According to a study that is to be published in New Scientist magazine tomorrow, Facebook and Wikipedia are better at getting crucial information out during emergencies than either government agencies, emergency services — or the traditional media. The study, done by researchers at the University of Colorado, looked at how Facebook and Wikipedia were used by students during the Virginia Tech shootings, and how Twitter and other social media were used during the forest fires in California. As the Telegraph story describes it:
“During the Virginia shootings, they found the emergency services were slow to update their reports on the latest situation and the names of those killed. Within just 90 minutes of the first deaths, however, a web page accurately describing the events appeared on Wikipedia.”
The study found that dyring the fires in California in October, web users on various websites and those using Twitter were keeping their friends and neighbours informed of their whereabouts and the location of the fires on a minute by minute basis, and were also posting links to Google Maps with which others could track the progress of the fire and mark areas where schools and businesses were shut down as a result of the threat. The media weren’t so useful, however:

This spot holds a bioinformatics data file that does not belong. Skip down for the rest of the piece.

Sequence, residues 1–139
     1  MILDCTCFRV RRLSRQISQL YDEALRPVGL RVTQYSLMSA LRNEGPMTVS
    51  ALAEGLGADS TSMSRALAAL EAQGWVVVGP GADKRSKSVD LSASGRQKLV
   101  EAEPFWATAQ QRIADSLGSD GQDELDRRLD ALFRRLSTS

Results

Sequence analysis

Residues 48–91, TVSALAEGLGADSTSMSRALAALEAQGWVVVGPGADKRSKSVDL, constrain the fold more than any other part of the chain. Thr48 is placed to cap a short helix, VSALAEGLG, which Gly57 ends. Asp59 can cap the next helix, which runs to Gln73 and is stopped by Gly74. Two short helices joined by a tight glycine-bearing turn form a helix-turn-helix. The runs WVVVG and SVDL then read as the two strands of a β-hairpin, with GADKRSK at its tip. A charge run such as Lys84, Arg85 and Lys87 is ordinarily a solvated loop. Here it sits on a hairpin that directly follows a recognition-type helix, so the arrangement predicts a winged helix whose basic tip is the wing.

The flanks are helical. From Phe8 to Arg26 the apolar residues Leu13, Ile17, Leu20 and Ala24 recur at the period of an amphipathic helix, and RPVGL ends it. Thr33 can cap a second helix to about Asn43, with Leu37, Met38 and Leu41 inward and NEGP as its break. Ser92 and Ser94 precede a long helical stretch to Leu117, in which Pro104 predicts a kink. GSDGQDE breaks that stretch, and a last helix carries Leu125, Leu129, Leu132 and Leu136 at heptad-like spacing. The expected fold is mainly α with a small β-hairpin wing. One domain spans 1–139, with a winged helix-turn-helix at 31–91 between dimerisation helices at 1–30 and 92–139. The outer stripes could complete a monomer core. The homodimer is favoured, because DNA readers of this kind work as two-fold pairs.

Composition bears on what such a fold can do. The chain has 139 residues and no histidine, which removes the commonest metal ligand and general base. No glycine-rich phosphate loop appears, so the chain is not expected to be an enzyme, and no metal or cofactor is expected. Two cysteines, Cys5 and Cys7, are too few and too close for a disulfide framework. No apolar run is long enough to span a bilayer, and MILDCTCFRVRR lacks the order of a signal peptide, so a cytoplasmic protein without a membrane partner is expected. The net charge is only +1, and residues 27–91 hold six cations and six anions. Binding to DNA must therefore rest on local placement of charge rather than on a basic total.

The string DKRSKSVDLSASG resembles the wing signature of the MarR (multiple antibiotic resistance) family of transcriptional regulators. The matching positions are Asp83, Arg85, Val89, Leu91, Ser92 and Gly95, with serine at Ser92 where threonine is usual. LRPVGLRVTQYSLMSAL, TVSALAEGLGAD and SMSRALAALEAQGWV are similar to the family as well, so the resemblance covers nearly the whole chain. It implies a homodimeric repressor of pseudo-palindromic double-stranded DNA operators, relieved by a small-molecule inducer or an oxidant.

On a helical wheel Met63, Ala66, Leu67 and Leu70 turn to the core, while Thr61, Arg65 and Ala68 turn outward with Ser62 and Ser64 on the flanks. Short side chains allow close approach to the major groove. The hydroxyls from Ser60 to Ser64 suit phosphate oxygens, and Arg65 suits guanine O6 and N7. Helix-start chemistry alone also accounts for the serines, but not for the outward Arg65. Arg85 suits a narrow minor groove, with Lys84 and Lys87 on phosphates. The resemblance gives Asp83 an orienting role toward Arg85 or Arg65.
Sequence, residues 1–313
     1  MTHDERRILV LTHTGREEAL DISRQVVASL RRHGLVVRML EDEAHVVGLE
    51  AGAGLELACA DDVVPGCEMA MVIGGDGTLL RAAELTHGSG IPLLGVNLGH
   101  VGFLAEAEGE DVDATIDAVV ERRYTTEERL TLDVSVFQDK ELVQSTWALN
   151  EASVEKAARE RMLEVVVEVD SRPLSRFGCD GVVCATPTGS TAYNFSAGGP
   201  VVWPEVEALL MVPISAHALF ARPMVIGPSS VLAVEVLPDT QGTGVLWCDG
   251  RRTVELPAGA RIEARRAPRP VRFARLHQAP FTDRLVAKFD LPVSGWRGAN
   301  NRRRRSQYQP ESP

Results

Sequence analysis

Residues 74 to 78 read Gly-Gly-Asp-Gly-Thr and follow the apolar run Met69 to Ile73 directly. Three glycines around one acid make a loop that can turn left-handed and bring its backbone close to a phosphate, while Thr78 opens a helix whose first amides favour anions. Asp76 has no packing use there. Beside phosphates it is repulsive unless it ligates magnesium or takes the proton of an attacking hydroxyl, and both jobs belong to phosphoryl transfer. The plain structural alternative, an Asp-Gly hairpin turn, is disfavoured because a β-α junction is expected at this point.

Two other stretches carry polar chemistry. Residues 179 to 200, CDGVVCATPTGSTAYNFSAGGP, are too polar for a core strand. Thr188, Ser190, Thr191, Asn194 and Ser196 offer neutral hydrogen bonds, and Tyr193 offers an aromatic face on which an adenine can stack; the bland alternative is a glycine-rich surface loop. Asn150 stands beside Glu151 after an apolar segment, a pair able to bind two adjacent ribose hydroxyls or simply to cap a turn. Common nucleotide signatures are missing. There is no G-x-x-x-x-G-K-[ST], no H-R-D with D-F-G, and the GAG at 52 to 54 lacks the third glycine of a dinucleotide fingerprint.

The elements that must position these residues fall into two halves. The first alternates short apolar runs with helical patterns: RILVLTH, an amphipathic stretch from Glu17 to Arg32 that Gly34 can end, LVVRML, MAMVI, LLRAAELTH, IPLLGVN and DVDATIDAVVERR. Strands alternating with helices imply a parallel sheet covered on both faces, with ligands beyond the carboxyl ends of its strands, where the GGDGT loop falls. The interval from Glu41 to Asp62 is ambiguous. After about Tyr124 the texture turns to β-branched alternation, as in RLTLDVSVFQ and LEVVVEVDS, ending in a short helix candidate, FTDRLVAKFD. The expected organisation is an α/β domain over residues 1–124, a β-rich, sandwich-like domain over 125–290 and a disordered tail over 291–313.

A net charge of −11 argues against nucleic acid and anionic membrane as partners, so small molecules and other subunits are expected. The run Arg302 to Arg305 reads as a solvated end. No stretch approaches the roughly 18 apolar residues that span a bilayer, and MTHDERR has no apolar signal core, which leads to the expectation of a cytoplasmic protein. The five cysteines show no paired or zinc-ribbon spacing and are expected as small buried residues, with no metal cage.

“The mass media were unreliable… as they struggled to access remote areas from which website users with an internet connection could easily report. Media sites also focused on the ‘sensationalâ€™, such as fires close to celebritiesâ€™ homes, which distorted the overall picture.”
Some interesting lessons there, for both emergency services and the media, about information delivery on the Web.